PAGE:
North Carolinians for a Fair Economy (NCFE) is a Democratic-aligned “dark money” advocacy group that was active in the 2018 election cycle, campaigning against an incumbent Republican U.S. House member. The group is a project of the Sixteen Thirty Fund, a funding and fiscal sponsorship organization for liberal lobbying and electoral projects managed by the Washington, D.C.-based consultancy Arabella Advisors.
The New York Times reported that the Hub Project, a Democratic-aligned advocacy group also run by the Sixteen Thirty Fund, “control[led] the money flowing from the Sixteen Thirty Fund into the state-level groups,” among them North Carolinians for a Fair Economy. 
For more information, see the Hub Project (Nonprofit)
North Carolinians for a Fair Economy is associated with the Hub Project, a project of the Sixteen Thirty Fund described by the New York Times as “an opaquely named Democratic organization” that spent nearly $30 million in the 2018 election cycle “pressuring members of Congress in their districts.” Run by former aides to the campaigns of President Barack Obama, the Hub Project formed groups “with vaguely sympathetic names like … North Carolinians for a Fair Economy” and then “used them to mobilize volunteers and run advertising on policy issues against Republican members of Congress many months before the election.”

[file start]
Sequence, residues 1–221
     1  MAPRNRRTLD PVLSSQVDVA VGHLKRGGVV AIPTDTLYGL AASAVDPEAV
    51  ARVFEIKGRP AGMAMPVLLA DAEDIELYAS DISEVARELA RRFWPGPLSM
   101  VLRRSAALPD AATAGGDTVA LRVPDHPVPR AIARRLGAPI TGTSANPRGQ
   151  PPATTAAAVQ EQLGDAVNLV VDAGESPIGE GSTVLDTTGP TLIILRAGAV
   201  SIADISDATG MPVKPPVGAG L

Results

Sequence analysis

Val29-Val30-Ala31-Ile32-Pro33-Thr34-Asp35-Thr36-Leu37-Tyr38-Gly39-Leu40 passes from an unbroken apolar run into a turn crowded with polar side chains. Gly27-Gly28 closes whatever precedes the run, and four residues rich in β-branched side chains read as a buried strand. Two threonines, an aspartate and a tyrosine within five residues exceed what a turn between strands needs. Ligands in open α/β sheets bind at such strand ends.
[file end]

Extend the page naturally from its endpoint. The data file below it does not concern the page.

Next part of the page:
In the 2018 election cycle, North Carolinians for a Fair Economy targeted Rep. George Holding (R-NC) with radio and television spots.  In August, Holding told supporters that his internal polling showed him down three points to challenger Linda Coleman, a former Democratic candidate for lieutenant governor. Holding “attributed some of the poll numbers to television ads being run by North Carolinians for a Fair Economy, a super PAC that is not required to name its donors.”  NCFE attacked Holding throughout the campaign, including flying a plane over a Wake County, North Carolina GOP picnic trailing a banner that read, “Congressman Holding: Hands Off Our Health Care.”  Holding eventually won re-election 51-46 percent.